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2labz's picture
Written on Saturday, April 25, 2015
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Cons: makes no sense, overreliance on action, poor plotting, stupid characters

What’s will the next step in human evolution be? If Ramez Naam, one of the “great” minds responsible for Internet Explorer and MS Outlook, happens to be right, it’ll be Nexus. By which he means a drug that through some weird, poorly described nanocyberpunkishsteamdreck overlays a software interface on the brain, in the process making the person post-human. In other words, utter crap; made worse by Naam’s inability to concoct a cogent plot without dragging in a dozen stereotyped tropes. But anyway…

Kaden “Kade” Lane and some friends turned Nexus 3 into Nexus 5. They call the drug “nexus” because it turns human brains nexuses (nexi?) of wireless nodes able to communicate with wireless nodes in nearby brains that are also running Nexus. Lane and some other grad students enhanced the drug with an OS that runs apps, like a “Bruce Lee” app that controls the body like you were a martial arts master, or a “porn star” that… well, you get the point. Of course, the guvmint wants to shut down Nexus 5 – think paranoia about mind control– so they send hottie Robyn Rodriguez (not her real name, which is Samantha Catarenes [not her real name, which is really Sarita Catalan]) to SF to honey-trap the data out of the boy. Along the way, of course, she runs into his bodyguard, an enhanced  former marine -- but manages to escape…

Caught with a highly illegal drug, Lane is offered a plea bargain: go under cover to capture a Chinese bigbrain (like Robyn, a smokin’ hot chick), turn out a Bangkok drug lord, and perhaps figure out where a squad of clone soldiers known as “Confucian Fist” came from. This should be easy – after all, there’s gotta be an app for that.

Lane and Robyn/Samantha jet to a conference in Bangkok, where all hell immediately breaks loose. Everyone there is already be “running Nexus,” and all of them desperately want mind meld with Lane to steal whatever makes his version of the drug “better” than what they already have. Along the way, dozens (if not hundreds) of people get blown to bits or burned alive, and of course readers get to see that inevitable “good guy finds out she’s really bad” scene. Yeah: total dreck.

In olden days, quality speculative fiction was created where talent met knowledge; an intersection that’s always been lightly populated: think Asimov, Niven, Sturgeon, Clarke. In an era of self-publishing, neither attribute is necessary. What’s worse is that so many people with just a little knowledge have managed to parlay it into a publishing contract. Ramez Naam seems to be a case in point: he might have some knowledge, but he has zip when it comes to talent.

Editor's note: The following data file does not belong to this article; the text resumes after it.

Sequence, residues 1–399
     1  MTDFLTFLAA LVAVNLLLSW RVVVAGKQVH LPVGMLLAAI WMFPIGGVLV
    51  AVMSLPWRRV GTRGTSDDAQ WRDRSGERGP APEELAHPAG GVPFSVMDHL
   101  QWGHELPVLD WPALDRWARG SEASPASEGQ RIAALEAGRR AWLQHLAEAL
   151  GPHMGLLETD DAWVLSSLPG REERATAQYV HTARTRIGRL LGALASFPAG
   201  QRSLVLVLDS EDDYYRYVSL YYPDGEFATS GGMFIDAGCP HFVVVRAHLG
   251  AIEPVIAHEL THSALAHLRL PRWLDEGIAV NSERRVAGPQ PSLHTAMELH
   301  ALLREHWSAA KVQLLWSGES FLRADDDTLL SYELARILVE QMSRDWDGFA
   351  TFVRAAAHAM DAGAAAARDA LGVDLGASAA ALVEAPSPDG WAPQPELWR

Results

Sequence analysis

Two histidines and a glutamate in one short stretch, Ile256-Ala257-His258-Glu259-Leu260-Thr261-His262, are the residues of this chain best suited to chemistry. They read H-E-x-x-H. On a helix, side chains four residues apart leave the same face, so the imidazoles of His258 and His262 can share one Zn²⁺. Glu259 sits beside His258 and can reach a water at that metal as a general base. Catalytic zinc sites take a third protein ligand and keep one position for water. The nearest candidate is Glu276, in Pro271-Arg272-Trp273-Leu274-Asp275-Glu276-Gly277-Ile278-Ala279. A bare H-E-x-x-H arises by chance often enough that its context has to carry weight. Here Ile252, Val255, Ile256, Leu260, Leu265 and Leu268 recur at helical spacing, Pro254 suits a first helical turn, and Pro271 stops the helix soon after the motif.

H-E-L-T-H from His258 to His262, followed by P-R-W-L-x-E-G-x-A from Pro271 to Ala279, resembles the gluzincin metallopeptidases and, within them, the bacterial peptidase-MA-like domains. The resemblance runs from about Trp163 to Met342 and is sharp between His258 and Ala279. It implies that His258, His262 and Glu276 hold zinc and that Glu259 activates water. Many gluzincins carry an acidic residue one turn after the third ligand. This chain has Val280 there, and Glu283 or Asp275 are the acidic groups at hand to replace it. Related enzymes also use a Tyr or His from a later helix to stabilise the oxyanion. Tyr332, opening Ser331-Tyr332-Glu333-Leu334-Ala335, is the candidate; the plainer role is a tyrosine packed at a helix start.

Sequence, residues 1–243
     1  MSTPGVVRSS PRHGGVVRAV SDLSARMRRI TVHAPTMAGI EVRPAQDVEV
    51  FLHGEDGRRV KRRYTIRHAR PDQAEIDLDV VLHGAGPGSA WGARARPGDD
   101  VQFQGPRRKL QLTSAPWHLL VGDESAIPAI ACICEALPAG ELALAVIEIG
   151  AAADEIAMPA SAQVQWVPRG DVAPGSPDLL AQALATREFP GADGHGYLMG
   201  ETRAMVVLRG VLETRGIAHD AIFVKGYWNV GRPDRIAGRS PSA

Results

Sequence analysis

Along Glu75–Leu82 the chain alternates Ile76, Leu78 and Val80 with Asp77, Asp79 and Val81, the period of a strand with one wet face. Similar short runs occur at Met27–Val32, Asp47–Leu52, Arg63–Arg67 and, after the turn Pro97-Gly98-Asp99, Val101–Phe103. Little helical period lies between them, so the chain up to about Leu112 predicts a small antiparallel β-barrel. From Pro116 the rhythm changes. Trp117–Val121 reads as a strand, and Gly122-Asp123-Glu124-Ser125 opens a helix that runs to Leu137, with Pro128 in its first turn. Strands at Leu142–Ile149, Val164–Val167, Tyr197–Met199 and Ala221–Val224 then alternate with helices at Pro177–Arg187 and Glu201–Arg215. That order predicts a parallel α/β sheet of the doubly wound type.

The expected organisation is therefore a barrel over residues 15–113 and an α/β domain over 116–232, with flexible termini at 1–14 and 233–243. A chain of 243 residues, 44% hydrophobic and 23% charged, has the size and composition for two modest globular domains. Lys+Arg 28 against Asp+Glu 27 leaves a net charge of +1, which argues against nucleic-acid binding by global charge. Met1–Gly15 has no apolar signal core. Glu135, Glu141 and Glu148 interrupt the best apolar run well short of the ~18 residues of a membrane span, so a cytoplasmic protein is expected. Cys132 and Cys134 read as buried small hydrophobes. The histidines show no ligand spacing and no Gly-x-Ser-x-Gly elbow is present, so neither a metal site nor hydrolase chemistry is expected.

Nexus demonstrates his lack of talent well. It’s a SpecFic novel set perhaps twenty-five years in the future; although the only obvious difference between 2015 and 2040 is the drugs (is anyone going to remember Bruce Lee in 2040, after he’s been dead for 67 years? Nahhhhh…) Naam has a few ideas - not particularly original ideas, for what it’s worth - about how mankind will evolve into “posthumanity,” and he’s thrown a potpourri of them onto the written page. Naturally, in a sort of pseudo-libertarian post-Snowden sort of “sensibility,” Naam seems naïve enough to believe that releasing the likes of Nexus 5 to the world would solve all mankind’s ills.

Even if that idea weren’t the frighteningly naive, Naam is continuously unable to create readable fiction, a lack that ruins Nexus from the get-go. He opens with crappy characters in the old “grad students who’ll change the world” trope –going so far as to make one of the studs, errr, students, Rangan Shankari, a world-famous DJ in his “spare time” (very likely meant to be a cameo appearance by Naam himself). Three of the inventors of Nexus 5 are grad students, though one of them - the hottie Ilyana – apparently serves no purpose other than token femme; the fourth is the ex-marine killing machine… so, how did three cloistered college students meet an ex-marine? That’s not to mention the gorgeous (of course) “Sam,” who has a messy past of her own – a trope of tropes.

Once an evil government agency manages to seduce/blackmail/coerce Lane, the action moves from the Bay Area to Bangkok. When I say “action,” I mean ACTION. Once Kade and Sam reach Thailand, blood flows in torrents and brain matter coats the streets. People actually explode, sometimes even setting off an inferno. Helicopters swoop down on monasteries and fire missiles at limousines. It’s the sort of encounter FX gurus drool over, although readers – at least the ones who haven’t spent the past two weeks playing HALO – will find it way over the top. Of course, through all the action the “enhanced” Sam remains cool and Lane even boots up Bruce Lee once or twice.

Avoid this dreck at all costs. Unfortunately, Naam loosed several sequels to Nexus on society, and most have loads of rave reviews from the less discerning rabble at the river. More’s the pity – but at least now you know who not to trust for book reviews!

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2labz recommends Nexus. Ramez Naam

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